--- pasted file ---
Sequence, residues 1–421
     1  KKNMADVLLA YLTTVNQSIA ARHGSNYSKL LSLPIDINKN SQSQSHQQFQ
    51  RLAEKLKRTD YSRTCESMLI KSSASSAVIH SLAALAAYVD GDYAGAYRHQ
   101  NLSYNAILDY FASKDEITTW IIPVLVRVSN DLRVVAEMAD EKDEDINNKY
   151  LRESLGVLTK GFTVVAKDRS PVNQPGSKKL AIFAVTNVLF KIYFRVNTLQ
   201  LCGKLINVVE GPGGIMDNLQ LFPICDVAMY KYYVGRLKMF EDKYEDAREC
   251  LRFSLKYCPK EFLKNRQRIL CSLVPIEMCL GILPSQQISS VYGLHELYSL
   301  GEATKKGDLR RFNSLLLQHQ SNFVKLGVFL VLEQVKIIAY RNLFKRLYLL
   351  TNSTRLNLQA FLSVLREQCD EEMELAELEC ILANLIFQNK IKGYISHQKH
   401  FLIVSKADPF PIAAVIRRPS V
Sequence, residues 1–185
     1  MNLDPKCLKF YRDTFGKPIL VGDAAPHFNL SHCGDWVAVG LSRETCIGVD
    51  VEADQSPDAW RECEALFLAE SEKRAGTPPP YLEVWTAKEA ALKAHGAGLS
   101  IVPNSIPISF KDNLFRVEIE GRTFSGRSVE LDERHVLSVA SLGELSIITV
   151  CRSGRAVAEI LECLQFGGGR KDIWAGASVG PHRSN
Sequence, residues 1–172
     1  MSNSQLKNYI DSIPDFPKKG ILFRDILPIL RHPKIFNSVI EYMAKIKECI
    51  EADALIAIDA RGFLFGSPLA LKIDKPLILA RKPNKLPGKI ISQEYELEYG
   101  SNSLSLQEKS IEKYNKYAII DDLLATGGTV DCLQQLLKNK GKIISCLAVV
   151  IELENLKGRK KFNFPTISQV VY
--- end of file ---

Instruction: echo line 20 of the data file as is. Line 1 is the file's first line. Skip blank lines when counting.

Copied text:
   151  IELENLKGRK KFNFPTISQV VY